The United States has again called for Taiwanese President Chen Shui-bian to drop plans to hold a referendum on whether the island should apply for U.N. membership under the name Taiwan. VOA's David Gollust reports from the State Department that Deputy Secretary of State John Negroponte says such a move would be a mistake.
The Bush administration is stepping up pressure on Mr. Chen to drop the referendum plan, with Deputy Secretary of State John Negroponte calling it mistaken. He urged the island's leadership to, as he put it, behave in a responsible manner.
The Taiwanese leader has proposed holding the referendum on U.N. membership concurrently with a presidential election set for March.
The United States has been critical of the idea before. But the Negroponte comments, in an interview Monday with Hong Kong-based Phoenix TV, were the strongest to date, and the State Department made unusual efforts to draw attention to them.
The deputy secretary said the U.S. officials have great concerns about the plan because they see it as a step toward a declaration of independence for Taiwan, a move that would alter the delicate status quo with China.
Taiwan quickly responded, with the island's Foreign Minister James Huang expressing regret over the Negroponte remarks and saying he believes the number-two State Department official has misinterpreted Mr. Chen's plan.
In a talk with reporters Tuesday, State Department Deputy Spokesman Tom Casey said Mr. Chen had promised not to upset the status quo when he took office in 2000, and that Negroponte was expressing long-standing U.S views:
"We have always said that we do not want to see any unilateral actions taken that would change the status quo," Casey said. "And I think we have made quite clear as he did in that interview that the referendum raises a number of serious concerns that touch on that. I do not look at this as anything new, and I do not think - if you read it - that it should come as any surprise to people that he is stating what has really long been our view on this subject."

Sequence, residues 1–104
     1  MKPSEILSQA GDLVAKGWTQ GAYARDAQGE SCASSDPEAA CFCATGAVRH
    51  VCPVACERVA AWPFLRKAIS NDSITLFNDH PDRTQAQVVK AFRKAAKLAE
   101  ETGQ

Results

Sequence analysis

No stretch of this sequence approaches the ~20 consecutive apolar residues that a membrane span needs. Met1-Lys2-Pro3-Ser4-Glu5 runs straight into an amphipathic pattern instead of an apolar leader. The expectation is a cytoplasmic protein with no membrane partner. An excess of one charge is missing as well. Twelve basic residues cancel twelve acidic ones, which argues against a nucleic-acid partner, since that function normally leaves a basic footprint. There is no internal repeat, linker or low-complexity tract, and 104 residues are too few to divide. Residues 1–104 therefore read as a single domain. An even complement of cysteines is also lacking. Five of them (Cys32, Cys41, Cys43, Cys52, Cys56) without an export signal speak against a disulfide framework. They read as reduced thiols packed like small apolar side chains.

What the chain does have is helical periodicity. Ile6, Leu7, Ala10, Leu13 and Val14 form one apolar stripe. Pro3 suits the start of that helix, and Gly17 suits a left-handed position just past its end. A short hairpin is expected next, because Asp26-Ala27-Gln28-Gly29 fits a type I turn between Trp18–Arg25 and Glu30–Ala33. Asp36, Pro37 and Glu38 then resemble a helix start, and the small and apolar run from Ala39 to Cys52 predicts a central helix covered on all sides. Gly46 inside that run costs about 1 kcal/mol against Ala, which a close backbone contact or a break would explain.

The United States switched diplomatic recognition from Taiwan to Beijing in 1979 but maintains unofficial relations with Taiwan through nominally-private institutes in Washington and Taipei.
In the Phoenix TV interview, Negroponte said the United States is very committed to the defense of Taiwan under the 1979 Taiwan Relations Act by the U.S. Congress, which provides for sales of defensive weapons to the island.
He said Taiwan has no better friend than the United States, which supports Taiwan's democracy and economy. But he also said it is a time for Taiwanese authorities to behave responsibly and not disturb the situation across the Taiwan Strait.
China considers Taiwan a renegade province and has not ruled out the use of force in dealing with the issue.
Mr. Chen's referendum plans notwithstanding, Taiwan stands no chance of having separate United Nations membership because of China's veto powers there. The United Nations summarily dismissed a Taiwanese membership application only last month.
Reflecting a strained relationship, the Bush administration allowed Mr. Chen only a brief refueling stop in Alaska last week on a trip to Central America.
He had been allowed to transit through the continental U.S. in past trips to the region, and is reported to have complained that the latest arrangement was disrespectful. Mr. Chen is due to return to Taiwan, again via Alaska, on Wednesday.